PayPal Introduces Banking Features Including Debit Card, Check Deposit
The popular online payments service PayPal has recently been introducing some traditional banking features and offering them to select customers. According to the Wall Street Journal, PayPal has been adding a number of features, including FDIC insurance on funds, debit cards that can be used for ATM withdrawals, direct deposits for payroll checks, and the ability to deposit paper checks by uploading photos of them. While these new services come with no monthly fees or minimum balance requirements, users will have to endure regular ATM fees for machines outside of PayPal’s network and will be assessed a 1% fee on checks deposited via photo upload.
As you may suspect, PayPal didn’t suddenly obtain a bank charter in order to roll out these features. Instead the company is partnering with a collection of small banks, with each making up a different part of the puzzle. For example WSJ reports that a bank in Delaware bank is helping to issue the debit cards, while a Georgia-based bank is managing the check depositing aspects. Interestingly the names of these banks are being kept private and they will be working behind the scenes. Thomas Brown of the law firm Paul Hasting LLP explains the logic of such a move, saying “It’s mostly just a question of stringing together the supply chain. You can use technology to create the appearance of integration across accounts at different financial institutions.”
Although PayPal has already been an option for many unbanked individuals, should these features roll out further, it seems likely that more customers who are frustrated with the big banks will flock to PayPal. Additionally, even with the 1% fee, PayPal’s check deposit function could make them a better option than the check cashing stores that are prevalent in many neighborhoods. That said, as Lisa Servon points out in her book The Unbanking of America, a big reason why check cashing stores prove so popular has a lot to do with the speed in which customers can get their cash. To that point, it’s unclear what PayPal’s processing time is for deposits.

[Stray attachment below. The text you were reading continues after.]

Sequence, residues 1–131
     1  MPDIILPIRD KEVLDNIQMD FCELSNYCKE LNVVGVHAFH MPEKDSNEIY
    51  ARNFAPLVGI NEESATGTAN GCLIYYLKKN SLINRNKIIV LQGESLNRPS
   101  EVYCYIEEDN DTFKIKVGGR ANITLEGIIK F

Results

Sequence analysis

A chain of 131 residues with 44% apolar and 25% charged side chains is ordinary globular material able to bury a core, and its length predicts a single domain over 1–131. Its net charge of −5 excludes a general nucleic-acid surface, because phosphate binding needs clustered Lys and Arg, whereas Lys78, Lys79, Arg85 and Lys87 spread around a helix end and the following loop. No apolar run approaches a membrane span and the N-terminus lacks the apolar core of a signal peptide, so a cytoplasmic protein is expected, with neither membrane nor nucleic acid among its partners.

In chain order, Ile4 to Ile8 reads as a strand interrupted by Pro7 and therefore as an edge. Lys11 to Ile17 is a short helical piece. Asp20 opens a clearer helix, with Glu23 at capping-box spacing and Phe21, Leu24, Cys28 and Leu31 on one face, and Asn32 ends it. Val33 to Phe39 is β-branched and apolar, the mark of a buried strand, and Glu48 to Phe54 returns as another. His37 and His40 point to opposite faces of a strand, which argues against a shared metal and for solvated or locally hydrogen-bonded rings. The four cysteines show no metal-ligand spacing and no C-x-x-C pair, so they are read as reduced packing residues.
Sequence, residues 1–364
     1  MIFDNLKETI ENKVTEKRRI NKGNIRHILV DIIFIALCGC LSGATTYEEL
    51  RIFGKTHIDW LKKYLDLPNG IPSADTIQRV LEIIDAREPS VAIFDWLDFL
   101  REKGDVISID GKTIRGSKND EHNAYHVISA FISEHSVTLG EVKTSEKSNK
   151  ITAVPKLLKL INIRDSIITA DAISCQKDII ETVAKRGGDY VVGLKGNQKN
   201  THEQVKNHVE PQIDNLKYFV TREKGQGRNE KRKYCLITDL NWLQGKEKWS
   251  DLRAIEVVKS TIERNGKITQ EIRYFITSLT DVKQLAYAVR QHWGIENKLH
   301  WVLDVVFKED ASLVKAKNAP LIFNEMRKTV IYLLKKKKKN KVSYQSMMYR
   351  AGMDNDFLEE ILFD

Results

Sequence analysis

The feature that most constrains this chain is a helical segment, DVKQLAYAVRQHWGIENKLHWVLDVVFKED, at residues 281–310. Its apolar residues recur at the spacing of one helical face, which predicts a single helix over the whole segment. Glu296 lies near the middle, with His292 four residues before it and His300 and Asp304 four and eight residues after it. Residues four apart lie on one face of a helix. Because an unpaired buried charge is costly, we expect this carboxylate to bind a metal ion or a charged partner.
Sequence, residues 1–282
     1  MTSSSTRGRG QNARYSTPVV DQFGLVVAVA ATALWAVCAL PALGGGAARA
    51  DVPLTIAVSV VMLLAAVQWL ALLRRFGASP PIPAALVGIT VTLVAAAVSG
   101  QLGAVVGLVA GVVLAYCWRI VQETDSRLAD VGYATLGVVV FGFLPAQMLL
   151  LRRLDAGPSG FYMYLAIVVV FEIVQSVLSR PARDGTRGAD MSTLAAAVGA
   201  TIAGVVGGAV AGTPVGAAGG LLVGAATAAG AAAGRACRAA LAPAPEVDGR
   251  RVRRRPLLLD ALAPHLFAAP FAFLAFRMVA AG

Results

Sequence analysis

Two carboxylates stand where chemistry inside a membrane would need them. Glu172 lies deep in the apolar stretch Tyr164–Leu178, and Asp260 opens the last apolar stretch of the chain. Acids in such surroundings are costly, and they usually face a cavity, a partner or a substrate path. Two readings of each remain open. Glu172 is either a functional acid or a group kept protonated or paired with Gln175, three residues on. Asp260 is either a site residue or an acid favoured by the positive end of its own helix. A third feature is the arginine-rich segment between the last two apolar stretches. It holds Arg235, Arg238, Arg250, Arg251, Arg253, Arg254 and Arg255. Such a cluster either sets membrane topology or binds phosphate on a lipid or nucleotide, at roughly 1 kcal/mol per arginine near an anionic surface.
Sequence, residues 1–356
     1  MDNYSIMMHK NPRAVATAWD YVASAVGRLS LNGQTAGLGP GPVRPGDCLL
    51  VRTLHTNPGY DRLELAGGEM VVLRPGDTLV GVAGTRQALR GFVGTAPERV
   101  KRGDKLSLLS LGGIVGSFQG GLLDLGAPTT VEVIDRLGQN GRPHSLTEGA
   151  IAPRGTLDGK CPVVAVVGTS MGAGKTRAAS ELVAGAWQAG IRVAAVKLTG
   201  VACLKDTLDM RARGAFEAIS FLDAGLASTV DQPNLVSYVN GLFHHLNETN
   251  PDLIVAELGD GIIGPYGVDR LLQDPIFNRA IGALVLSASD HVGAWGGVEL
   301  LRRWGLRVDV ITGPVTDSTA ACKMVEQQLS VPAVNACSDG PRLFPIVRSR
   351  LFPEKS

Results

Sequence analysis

On the FinTech side of things, it’s also worth noting that these moves come at a time when competition in the peer to peer payments field — which has always been one of PayPal’s core businesses — has been heating up. Beyond direct competitors like Square’s Cash app, Apple introduced their own Apple Pay Cash feature late last year, allowing users to send money using iMessage. Because of this, while perhaps still being noble in its own right, PayPal’s slight pivot could also help them keep the upper hand when it comes to payments.
Finally it’s always interesting to see a FinTech company partner with full-fledged banks. However this case is somewhat unique as the other players are shrouded in some mystery. Regardless, these new features show once again that certain technology companies have the potential to really make a difference in people’s financial lives. Hopefully PayPal will roll out their banking offerings to more unbanked customers soon.